Footnote Frivolity***, Going Green, mustbethrifty house, Secondhand Scavengers

It’s curtains

Last year, I mentioned double glazing as a way to keep the summer heat out and the winter heat in. A much more cost-effective option, however, is the use of curtains.

Curtains and blinds help prevent heat loss and gain by trapping a blanket of air next to the window. The best results come from ‘fabrics that insulate well, for example heavy fabrics or curtains with thermal lining or layers’ (via Your Energy Savings).

what improves energy efficiency for windows
Source: www.sustainability.vic.gov.au/services-and-advice/households/energy-efficiency/at-home/windows

The curtains we inherited from the previous owner were rubbish. They were sun-damaged, mismatched, and threadbare:

Threadbare curtains

Thanks to the power of Google, we were able to source some quality secondhand curtains. There’s a store called Johnny’s Furniture in Eumemmerring (Dandenong) which stock ex-hotel furniture. They sell piles of Sheridan/Mantra/Hilton cast-offs, so we were able to get matching curtains made from heavy, tightly woven fabric. Unlike a lot of the ready mades available from Ikea and fabric stores, these ex-hotel curtains were also lined.

NOKIA Lumia 800_002260They were a bit longer than what was needed, so Mum spent a few mornings furiously hemming away. Dad was also nice enough to replace the mismatched curtain rails with uniform tracks.

While we don’t have quantitative temperature comparisons*, we’re observing a difference in comfort levels. When the curtains are not closed in the afternoon, you can really feel the sun’s intensity in front of the west-facing window. Pull the curtain across and the heat/glare reduces noticeably.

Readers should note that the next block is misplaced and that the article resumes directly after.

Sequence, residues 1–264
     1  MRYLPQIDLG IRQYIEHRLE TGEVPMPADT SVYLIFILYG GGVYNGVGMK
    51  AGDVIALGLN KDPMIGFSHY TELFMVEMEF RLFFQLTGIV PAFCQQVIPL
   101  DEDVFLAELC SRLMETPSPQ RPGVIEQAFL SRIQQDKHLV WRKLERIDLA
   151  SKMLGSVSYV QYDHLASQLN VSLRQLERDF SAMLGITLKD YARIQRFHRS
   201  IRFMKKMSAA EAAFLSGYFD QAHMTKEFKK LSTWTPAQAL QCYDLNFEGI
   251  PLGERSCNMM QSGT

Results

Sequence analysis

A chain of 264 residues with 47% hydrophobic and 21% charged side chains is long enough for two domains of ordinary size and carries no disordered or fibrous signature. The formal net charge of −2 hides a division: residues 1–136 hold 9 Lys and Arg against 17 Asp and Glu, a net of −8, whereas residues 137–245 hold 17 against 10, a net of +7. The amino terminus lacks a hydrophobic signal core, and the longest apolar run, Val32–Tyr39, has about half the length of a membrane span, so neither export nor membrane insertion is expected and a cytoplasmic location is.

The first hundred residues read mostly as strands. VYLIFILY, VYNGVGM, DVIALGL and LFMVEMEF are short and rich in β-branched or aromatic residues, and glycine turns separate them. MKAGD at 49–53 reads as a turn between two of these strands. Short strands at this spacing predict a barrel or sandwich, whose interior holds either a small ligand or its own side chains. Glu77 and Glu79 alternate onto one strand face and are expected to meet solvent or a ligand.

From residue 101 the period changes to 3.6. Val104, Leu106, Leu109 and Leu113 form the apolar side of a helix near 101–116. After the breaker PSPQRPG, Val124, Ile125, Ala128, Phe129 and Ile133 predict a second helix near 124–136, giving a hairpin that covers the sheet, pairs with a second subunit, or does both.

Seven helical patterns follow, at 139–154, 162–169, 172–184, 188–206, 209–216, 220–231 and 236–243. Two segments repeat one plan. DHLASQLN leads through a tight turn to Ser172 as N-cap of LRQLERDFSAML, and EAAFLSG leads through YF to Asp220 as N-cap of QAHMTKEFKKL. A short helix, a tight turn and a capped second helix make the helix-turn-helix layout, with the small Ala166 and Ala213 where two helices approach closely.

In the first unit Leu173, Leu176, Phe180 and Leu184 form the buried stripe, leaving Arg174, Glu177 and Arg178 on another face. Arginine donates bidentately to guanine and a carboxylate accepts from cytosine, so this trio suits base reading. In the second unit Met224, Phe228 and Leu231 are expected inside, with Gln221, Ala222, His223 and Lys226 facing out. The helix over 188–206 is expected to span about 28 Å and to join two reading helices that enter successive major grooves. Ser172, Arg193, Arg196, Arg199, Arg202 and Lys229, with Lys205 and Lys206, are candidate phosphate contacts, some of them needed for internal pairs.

For our north-facing windows, we’ve also had adjustable awnings** installed.

traditional awnings
We picked adjustable awnings that created good shade and suited the house’s mid-century architecture.

‘When a window is hit by direct sunlight, heat comes in and the window is a source of heat gain. When a window is in shade, heat from inside will leave, and the window becomes a source of heat loss’ (via ABC’s Carbon Cops). Therefore using awnings in summer reduces direct solar gain and encourages heat loss via transfer/convection. And according to Sustainability Victoria, our choice of thick, opaque fabric means better shade. Squee!

Next step is figuring out how to retrofit invisible pelmets (or something similar) to reduce heat loss/gain from thermal convection.


* I bought a couple of Oregon weather station monitors and Cheap Geek installed them around the house but so far we’ve only got flat batteries as a result. 😦

**We chose adjustable awnings because we wanted to be able to harvest as much sunlight in winter, maximising direct solar gain.

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